Bill Gross is recommending that investors buy the debt of low-deficit countries. Via Business Week:
As Pacific Investment Management Co.’s Gross, manager of the world’s biggest bond fund, said yesterday in an interview with Tom Keene on Bloomberg Radio that [U.S.] “bonds have seen their best days.” Pimco, which announced in December that it would offer stock funds, is advising investors to buy the debt of countries such as Germany and Canada that have low deficits and higher- yielding corporate securities.
Similarly, the Mad Hedge Fund Trader writes:
I am constantly asked where to find safe places to park cash by investors understandably unhappy with the risk/reward currently offered by the markets. Any reach for yield now carries substantial principal risk, the kind we saw, oh say, in the summer of 2007.
I have had great luck steering people into the Invesco PowerShares Emerging Market Sovereign Debt ETF (PCY) for the last nine months, which is invested primarily in the debt of Asian and Latin American government entities, and sports a generous 6.44% yield. This beats the daylights out of the one basis point you currently earn for cash, the 3.76% yield on 10 year Treasuries, and still exceeds the 4.70% yield on the iShares Investment Grade Bond ETN (LQD), which buys predominantly single “BBB”, or better, US corporates.
The big difference here is that PCY has a much rosier future of credit upgrades to look forward to than other alternatives. It turns out that many emerging markets have little or no debt, because until recently, investors thought their credit quality was too poor. No doubt a history of defaults in the region going back to 1820 is in the backs of their minds.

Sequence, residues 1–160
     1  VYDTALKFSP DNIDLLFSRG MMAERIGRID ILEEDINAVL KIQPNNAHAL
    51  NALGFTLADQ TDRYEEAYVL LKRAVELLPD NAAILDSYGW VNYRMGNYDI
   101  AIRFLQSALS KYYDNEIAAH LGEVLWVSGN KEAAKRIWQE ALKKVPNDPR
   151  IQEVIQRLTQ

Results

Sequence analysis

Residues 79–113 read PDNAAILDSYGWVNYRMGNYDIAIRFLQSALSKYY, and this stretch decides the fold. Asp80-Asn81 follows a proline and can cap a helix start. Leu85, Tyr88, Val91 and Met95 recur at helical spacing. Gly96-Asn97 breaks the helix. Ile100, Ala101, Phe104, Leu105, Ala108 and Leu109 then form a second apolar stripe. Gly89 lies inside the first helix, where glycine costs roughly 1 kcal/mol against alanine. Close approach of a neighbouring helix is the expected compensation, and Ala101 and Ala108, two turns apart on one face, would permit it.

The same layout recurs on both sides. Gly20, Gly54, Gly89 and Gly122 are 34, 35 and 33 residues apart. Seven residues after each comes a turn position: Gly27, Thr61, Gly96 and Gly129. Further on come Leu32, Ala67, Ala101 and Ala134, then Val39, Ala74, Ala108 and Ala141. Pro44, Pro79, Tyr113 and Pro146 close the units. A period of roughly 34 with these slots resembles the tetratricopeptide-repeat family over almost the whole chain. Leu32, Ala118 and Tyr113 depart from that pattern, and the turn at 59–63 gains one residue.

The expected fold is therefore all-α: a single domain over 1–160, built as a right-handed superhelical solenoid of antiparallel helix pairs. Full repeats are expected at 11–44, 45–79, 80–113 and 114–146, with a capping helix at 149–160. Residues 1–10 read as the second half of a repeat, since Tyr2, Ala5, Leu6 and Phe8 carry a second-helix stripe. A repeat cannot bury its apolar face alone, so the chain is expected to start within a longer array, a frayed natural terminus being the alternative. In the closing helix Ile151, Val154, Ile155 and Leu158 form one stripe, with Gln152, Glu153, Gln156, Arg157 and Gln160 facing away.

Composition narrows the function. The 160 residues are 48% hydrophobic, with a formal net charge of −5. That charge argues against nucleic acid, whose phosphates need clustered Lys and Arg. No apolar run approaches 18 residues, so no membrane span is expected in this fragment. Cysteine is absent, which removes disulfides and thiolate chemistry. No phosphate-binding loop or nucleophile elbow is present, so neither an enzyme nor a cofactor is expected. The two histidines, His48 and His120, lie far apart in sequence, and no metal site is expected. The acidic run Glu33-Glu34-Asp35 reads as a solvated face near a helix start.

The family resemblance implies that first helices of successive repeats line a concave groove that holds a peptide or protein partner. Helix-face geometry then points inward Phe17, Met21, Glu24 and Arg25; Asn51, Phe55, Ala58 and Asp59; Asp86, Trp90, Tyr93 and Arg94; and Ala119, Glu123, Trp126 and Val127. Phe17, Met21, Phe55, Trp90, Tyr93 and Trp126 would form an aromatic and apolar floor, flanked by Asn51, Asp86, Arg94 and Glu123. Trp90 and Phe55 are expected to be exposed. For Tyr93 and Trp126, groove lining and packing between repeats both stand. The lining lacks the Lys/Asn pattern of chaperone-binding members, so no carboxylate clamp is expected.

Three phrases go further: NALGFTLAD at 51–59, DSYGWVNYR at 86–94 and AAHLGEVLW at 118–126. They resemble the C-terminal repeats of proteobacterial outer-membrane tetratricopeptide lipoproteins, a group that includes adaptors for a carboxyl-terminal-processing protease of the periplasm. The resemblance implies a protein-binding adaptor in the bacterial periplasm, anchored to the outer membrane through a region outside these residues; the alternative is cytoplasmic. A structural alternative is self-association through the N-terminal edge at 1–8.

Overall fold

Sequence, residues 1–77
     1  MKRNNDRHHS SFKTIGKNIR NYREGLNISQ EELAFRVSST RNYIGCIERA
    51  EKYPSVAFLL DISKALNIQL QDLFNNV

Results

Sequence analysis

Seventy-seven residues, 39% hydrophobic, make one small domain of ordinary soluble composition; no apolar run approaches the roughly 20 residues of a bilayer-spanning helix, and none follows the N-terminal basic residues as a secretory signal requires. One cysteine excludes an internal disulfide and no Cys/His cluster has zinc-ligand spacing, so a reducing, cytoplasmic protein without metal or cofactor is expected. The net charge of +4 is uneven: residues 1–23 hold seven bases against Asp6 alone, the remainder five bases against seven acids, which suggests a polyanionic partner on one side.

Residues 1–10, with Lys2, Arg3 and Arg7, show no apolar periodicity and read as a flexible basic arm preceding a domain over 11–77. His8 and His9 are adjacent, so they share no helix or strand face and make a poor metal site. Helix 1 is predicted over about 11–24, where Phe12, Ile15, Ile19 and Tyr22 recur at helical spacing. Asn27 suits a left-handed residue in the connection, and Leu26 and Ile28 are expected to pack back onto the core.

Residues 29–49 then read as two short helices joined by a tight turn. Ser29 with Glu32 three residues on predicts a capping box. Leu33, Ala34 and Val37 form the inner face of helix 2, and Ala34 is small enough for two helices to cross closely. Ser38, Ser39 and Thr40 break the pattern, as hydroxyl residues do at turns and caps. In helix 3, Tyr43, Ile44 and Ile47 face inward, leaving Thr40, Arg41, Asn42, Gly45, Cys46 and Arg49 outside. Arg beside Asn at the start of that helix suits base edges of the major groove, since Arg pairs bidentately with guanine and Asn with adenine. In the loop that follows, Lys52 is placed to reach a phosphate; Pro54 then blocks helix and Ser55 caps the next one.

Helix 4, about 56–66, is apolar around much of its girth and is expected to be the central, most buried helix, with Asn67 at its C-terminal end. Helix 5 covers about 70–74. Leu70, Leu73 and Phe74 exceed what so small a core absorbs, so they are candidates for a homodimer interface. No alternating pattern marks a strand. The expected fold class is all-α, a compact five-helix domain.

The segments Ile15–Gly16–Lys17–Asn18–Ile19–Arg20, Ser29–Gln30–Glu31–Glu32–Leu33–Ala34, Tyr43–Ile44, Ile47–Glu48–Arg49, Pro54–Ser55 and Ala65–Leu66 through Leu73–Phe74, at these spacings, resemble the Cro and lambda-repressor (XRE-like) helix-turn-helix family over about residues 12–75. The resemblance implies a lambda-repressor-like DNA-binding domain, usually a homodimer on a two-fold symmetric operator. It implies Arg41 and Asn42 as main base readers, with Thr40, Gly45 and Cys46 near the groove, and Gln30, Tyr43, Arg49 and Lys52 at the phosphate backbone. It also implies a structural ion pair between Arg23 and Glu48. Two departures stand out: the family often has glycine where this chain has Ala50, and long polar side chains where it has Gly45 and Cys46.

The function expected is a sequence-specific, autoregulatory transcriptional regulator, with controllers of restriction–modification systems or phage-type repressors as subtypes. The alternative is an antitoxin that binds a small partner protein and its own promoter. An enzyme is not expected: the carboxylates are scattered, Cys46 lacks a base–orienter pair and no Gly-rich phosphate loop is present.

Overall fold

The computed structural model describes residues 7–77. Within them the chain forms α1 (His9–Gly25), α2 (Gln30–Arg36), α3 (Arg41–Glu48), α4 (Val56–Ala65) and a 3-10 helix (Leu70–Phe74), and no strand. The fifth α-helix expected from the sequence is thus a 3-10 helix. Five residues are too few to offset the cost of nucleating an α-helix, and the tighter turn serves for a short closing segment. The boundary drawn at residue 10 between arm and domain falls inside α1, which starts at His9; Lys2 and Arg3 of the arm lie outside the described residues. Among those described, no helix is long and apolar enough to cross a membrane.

You would think that a sovereign debt fund would be the last place to safely park your money in the middle of a debt crisis, but you’d be wrong. PCY has minimal holdings in the Land of Sophocles and Plato, and very little in the other European PIIGS. In fact, the crisis has accelerated the differentiation of credit qualities, separating the wheat from the chaff, and sending bonds issues by financially responsible countries to decent premiums, while punishing the bad boys with huge discounts. It seems this fund has a decent set of managers at the helm.
With US government bond issuance going through the roof, the shoe is now on the other foot.
It should be noted that both Gross and the Hedge Trader are rather bullish on the U.S. economy. For example, one of the main reasons that Gross is now bearish on U.S. treasuries is because he is convinced the U.S. be hit with massive inflation. If he is wrong – and wrong deflation reins for a while longer – then U.S. treasuries may still recover.